I usually walk 30-40 minutes one way. However, the actual walk is interrupted by dogs - me and the dogs pet each other in delighted ecstasy while the dog owner looks on bemusedly. Usually the owner and I exchange a couple of doggie stories, and both parties are on our way, me and the dog stopping at frequent intervals to look back at each other before moving on.
Grumpy kids demand another halt. I have discovered that I am as fascinating to the Finnish kids as an elephant might be. Indeed, for many of them, I am the first indication that human beings can be of a different skin color. Kids crying their head off will invariably shut up in surprise on seeing a brown human saying 'Moi!' . The trick here is not to linger too long - the more they see you, the higher the chances of them losing interest and going back to the original screaming with renewed vigour. Moi and walking off makes them turn to their mothers and ask a hundred questions.
The next stop is for adults, who just wanted someone to talk to. A group of dignified old men, in their expensive suits having a deep discussion presumably on where to go for their kahvi, are as curious as little kids. Debunking the myth of Finns who talk in monosyllables, they break up their discussions; greeting me invariably in Finnish, then switching to English. Where are you from? Are you studying here? How long have you been here? How do you find our country? Did you try sauna? Do you have siblings? Wont your parents miss you? - the questions flow, with the dire warnings about the winter and the darkness.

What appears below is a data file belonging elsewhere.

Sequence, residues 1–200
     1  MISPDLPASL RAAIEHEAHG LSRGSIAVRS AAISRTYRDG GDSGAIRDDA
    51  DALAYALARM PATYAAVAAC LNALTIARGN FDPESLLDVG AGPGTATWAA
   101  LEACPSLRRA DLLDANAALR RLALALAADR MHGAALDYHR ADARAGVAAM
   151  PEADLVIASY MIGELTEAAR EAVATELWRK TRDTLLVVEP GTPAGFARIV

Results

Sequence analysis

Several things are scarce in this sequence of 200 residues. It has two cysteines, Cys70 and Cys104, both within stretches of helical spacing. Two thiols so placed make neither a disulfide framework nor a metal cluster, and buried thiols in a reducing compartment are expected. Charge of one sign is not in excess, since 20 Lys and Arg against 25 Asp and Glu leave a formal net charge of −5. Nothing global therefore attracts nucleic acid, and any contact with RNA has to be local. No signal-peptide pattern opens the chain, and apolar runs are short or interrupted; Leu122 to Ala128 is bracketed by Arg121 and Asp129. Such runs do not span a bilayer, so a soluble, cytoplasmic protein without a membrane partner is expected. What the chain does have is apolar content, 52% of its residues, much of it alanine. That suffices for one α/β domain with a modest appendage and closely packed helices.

The walk by itself is structured to be unstructured. No the same streets as far as possible. 30-40 minutes walking away from where I live. Each day brings in different kinds of discoveries, different people. Once the time is up, I reverse my path; back to home, but through different roads. Thankfully, despite all the random twists and turns that I do take, I am back at my apartment safe and sound, never once feeling or getting lost.